This was my first time participating in a GUNI Conference. Thanks to an Asia-Europe Foundation (ASEF)initiative on university social responsibility (USR), I came across a GUNI 2008 report on new challenges and emerging roles for higher education in human and social development.
I was not disappointed. At the Conference, plenary sessions and parallel working groups examined ‘engagement’ as a key feature in the evolution of higher education – some would say the universities’ third mission (teaching and learning being the other two). In his presentation, Dr. Dzulkifli Razak, President of International Association of Universities (IAU) and Vice-Chancellor of Albukhary University talked about how his university’s community engagement weighs equally important as academic performance and is given due recognition in the assessment of staff and students instead of becoming an adjunct or subsidiary activity.
Helen Balderama with the GUNI 2013 team
Despite the diversity of terminologies currently being used in the field to refer to ‘engagement’ – i.e. USR, community engagement, outreach, service learning and or social impact – the last specifically relevant for publicly funded university research activities and initiatives, an increasing number of higher education institutions are recognizing community ‘engagement’ as a necessary aspect of a holistic university experience. Non-converts could perhaps get inspiration from Halliki Voolma, Estonian PhD candidate at the University of Cambridge, who was asked at the close of the Conference to share her take aways. She said that the support service (on domestic violence research and advocacy) she started her research with has enriched not only her academic studies but also her life and that she hopes to continue involvement in the same type of work for the rest of her life. Halliki goes on to recommend that such activities be presented as a clear and explicit option for students and that universities support them in the process. As captured in the Global Communique: “education should help to create problem awareness and promote systemic thinking, thus empowering people to participate…”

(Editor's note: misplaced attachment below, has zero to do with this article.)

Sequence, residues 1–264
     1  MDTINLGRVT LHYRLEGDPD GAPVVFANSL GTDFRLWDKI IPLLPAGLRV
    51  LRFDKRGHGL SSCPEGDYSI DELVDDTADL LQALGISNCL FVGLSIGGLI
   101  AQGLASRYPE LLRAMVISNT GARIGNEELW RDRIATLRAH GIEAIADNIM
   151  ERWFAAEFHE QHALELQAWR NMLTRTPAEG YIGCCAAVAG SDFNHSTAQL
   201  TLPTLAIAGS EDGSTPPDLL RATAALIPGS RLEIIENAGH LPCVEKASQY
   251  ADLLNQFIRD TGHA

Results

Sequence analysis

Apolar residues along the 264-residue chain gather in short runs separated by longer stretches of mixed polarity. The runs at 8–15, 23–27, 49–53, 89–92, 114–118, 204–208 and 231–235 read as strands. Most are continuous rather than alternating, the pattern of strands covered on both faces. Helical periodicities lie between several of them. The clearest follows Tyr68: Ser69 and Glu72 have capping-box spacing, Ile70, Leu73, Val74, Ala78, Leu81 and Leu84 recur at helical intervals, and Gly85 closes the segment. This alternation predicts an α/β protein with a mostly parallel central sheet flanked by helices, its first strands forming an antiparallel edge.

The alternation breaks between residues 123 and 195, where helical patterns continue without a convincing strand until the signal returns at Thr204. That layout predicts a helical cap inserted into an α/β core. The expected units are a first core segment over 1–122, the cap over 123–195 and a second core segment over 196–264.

Robert Hollister, Executive Director of Talloires Network, called for “practical visionaries” if we are to tackle the complex challenges of our times. Many of these challenges lie far beyond the capacity of an individual institution to tackle and, therefore, necessitate alliances and partnerships, engagements. More and more, individuals who have the vision (ideas), competences and commitment are needed to get things done and forge those alliances.
Engagement is as valid and alive at University of Manitoba (UM). No other Canadian university is as embedded in the economic, social and cultural fabric of its home province as UM and for over 135 years, it has been shaping leaders, enhancing the community and conducting world-class research. In its Strategic Planning Framework, the university articulates – “We (UM) do not believe we should work in isolation, but that we should explore opportunities for cooperation and collaboration both within the university and beyond it – with our partners in the community, in government and in other post-secondary institutions. » Furthermore, community engagement is both a necessity and a strategic response to the province’s demographic developments.
The university is in the process of articulating its international engagement priorities. For the outcomes of this process to be meaningful, relevant and ‘implementable’, it has to be informed by the needs and interests of various stakeholders – from its immediate constituencies (faculty, administrators, managers, staff and students) to its alumni, the government, the business sector and the Manitoban community in general. At the same time, UM has to find its place in the international landscape and ask strategic questions such as which brand of internationalization does it want to be known for? What does it choose to do amidst a whole gamut of international activities and initiatives? Who are the strategic partners that will help achieve its international priorities and ambitions?
I would dare say international engagement is no longer a choice but a strategic necessity for any university. But each institution is entitled to choose its own path(s) of engagement, remaining true to its mission and raison d’etre, anchored in the present realities, able to seize on opportunities and tackle challenges out there in a global scale. To carefully find its place in this globalized higher education landscape, a university has to ‘engage’.
More information about the GUNI 2013 Conference and Global Communique is available at GUNi website.